The men’s basketball coaches offices at the Cronin Center are full again. Dayton Flyers head coach Anthony Grant and his new assistant coaches — Anthony Solomon, Darren Hertz, Ricardo Greer and James Kane — were all on campus Tuesday, planning their next recruiting trips while figuring out where to live in Dayton.
A couple of players, freshmen Trey Landers and Kostas Antetokounmpo, stopped by the offices early Tuesday afternoon. They seemed comfortable with the new staff. At a quick glance, one would have thought they had been together for years, not six days.
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Grant announced his staff April 19. Even before they all met together in Dayton for the first time, the coaches were on the road last weekend for a three-day evaluation period at NCAA certified events. Grant attended one in Fort Worth, Texas. Another evaluation period begins Friday.
“We’ve got a great coaching team,” Grant said. “A lot of guys complement me and complement each other. They bring in diverse skill sets in terms of on-the-floor coaching, player development and recruiting. They bring a lot of different things to the table. For me, one of the most important things was their abilities to build relationships. These guys are all great with that. They have a service heart, in terms of wanting to help people and be a part of things bigger than themselves.”
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It has been a busy month for Grant, who was hired March 30. His office, where Archie Miller worked until March 25, is a blank slate. Two blown-up photos of Jordan Sibert are on one wall. That’s about it. There have been more pressing matters than interior decorating — finding a point guard, for example.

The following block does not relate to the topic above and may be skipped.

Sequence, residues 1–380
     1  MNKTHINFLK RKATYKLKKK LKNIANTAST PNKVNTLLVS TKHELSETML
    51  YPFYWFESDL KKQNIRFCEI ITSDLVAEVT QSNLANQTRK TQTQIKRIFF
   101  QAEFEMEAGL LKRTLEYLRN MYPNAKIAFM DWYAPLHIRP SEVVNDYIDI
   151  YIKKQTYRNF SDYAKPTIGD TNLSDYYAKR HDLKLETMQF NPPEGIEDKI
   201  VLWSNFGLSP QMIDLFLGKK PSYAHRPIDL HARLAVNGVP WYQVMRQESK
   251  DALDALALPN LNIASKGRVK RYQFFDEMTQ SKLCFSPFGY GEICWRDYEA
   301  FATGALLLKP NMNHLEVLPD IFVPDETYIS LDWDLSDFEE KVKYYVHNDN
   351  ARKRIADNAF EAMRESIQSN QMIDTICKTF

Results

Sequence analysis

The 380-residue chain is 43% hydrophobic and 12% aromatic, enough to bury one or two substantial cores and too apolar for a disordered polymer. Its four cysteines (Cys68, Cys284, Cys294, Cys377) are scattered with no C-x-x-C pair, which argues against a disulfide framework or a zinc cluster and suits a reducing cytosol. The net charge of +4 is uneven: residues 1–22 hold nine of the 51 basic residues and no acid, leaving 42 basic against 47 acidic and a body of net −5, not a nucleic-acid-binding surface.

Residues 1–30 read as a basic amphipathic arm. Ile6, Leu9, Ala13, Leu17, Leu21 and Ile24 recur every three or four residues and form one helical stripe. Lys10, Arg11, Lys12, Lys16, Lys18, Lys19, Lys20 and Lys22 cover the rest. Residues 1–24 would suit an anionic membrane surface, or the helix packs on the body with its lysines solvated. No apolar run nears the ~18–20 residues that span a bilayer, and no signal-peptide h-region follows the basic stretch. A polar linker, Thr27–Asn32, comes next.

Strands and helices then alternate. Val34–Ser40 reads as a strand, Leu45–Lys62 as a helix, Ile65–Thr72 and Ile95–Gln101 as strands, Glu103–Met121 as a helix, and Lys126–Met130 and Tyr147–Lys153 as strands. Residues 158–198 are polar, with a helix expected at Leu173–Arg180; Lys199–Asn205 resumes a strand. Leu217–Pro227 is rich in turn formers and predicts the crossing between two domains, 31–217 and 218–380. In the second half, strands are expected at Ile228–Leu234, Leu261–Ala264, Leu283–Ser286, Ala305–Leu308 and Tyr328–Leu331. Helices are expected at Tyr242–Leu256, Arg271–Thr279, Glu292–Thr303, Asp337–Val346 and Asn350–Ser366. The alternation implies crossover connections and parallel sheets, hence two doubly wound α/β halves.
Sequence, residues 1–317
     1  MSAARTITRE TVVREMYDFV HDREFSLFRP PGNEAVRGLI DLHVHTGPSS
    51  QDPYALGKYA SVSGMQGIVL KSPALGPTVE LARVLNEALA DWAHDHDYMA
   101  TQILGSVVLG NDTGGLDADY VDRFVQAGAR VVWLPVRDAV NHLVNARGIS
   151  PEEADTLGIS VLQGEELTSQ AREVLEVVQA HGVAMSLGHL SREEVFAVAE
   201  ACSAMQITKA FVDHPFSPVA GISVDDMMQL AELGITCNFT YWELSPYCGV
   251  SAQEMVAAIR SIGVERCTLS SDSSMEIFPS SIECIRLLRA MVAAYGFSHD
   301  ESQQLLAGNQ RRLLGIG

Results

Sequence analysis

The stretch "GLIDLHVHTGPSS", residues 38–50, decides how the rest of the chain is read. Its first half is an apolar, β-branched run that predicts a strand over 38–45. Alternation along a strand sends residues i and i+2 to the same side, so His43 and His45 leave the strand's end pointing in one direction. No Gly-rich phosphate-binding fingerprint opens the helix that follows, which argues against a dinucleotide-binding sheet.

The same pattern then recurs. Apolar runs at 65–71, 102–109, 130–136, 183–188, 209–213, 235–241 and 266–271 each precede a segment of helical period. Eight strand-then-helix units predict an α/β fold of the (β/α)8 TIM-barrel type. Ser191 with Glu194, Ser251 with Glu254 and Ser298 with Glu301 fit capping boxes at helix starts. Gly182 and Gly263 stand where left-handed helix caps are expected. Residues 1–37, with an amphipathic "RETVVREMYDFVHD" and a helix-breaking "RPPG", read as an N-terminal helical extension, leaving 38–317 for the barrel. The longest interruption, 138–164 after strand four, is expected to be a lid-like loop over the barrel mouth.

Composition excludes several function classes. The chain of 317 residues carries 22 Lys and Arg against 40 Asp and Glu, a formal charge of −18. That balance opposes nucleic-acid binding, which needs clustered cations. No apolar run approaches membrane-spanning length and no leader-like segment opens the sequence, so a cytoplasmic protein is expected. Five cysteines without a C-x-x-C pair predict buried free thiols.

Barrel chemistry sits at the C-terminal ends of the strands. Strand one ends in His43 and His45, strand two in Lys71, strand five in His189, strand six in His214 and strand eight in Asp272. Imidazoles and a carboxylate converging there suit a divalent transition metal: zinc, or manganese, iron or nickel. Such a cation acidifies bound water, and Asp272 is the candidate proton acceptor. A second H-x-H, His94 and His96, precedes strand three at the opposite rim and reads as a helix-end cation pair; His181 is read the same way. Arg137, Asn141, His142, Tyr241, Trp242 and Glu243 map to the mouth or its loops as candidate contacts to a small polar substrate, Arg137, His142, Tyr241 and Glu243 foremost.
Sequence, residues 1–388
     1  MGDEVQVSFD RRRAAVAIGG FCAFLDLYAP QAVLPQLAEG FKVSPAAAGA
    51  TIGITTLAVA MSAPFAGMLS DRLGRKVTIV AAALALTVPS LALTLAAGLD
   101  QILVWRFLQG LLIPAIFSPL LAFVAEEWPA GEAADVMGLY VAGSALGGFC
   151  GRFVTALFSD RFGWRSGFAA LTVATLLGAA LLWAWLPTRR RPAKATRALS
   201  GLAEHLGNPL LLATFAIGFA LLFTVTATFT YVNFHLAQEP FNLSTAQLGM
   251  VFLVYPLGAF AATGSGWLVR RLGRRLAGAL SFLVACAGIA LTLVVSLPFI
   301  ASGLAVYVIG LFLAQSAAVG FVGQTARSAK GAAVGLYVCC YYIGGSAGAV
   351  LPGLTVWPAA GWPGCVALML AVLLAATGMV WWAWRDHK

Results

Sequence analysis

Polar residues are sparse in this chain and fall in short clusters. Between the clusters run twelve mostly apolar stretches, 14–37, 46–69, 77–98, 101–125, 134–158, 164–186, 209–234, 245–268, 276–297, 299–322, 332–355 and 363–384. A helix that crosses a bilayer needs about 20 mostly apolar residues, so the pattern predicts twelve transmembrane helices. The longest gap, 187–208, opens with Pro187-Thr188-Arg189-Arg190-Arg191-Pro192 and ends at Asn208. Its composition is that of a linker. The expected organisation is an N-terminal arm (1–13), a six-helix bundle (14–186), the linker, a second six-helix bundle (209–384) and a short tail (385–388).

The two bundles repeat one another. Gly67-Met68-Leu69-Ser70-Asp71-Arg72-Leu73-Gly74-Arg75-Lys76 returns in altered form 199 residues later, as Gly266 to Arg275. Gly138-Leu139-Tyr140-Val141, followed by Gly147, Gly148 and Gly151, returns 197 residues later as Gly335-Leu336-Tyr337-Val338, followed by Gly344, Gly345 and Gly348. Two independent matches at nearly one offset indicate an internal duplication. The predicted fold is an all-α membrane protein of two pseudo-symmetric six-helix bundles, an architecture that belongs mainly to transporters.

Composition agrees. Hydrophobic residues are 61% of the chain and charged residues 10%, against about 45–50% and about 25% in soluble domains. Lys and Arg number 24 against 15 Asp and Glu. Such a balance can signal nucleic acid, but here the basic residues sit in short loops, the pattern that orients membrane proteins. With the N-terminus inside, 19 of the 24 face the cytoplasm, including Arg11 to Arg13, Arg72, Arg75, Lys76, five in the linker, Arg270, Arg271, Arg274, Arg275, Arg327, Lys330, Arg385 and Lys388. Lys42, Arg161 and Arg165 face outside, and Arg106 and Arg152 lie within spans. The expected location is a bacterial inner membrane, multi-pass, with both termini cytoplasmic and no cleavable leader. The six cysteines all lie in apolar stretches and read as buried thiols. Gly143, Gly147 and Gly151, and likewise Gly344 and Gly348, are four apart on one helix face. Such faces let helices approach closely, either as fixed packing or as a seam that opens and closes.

With the graduation of senior Scoochie Smith and the decisions by sophomore John Crosby to transfer and recruit McKinley Wright to reopen his recruitment, Dayton doesn’t have a point guard on the roster or one committed to join the program. Grant said finding a point guard is a priority. Finding the right one, a player who fits in with the current roster, is even more important.
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“We’re going to do our best to address that, but this is not a one-shot deal,” Grant said. “We want to develop a program that’s sustainable. Whatever we can do to strengthen our program for this upcoming year, we’re certainly going to do that, but not at the expense of jeopardizing the long-term future of the program in terms of what we’re trying to build.”
Dayton recruited Ohio Bobcats grad transfer Jaaron Simmons, according to reports, but the point guard from Alter committed to Michigan on Monday night. Dayton has also expressed interest in point guard Aaron Thompson, a 2017 recruit who was released from his letter of intent from Pittsburgh.
Wright State transfer and Thurgood Marshall grad Mark Alstork told the Dayton Daily News he visited UD on Monday. Alstork, a 6-foot-5 guard, averaged 19 points per game last season for the Raiders.
Grant has plenty of recruiting experience, having spent all but the last two years of his career in the college game. When he got the Dayton job, he said he dove right into developing a recruiting strategy.
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Grant continues to learn about his current players. He won’t see one on the court for a number of weeks.
Sophomore forward Sam Miller shared a photo of an X-ray of his broken ankle, with a pin inserted, on Instagram on Tuesday. He suffered the injury on April 1, the day Grant was introduced as the new head coach in a press conference at UD Arena.
The player most fans are excited to see is Antetokounmpo, a 6-10 forward who sat out last season as a NCAA partial qualifier. The exploits of his brother Giannis with the Milwaukee Bucks have raised the anticipation. Kostas looks like his brother on the court, his teammates have said, but it would be unfair to compare the two.
“I think he’s got great potential,” Grant said. “He hasn’t played the college game yet, so you want to be cautious. He’s not his brother. I don’t think anybody expects him to be his brother. He’s got talent. I think he understands he’s got to put the work in to be what he’s capable of being.”
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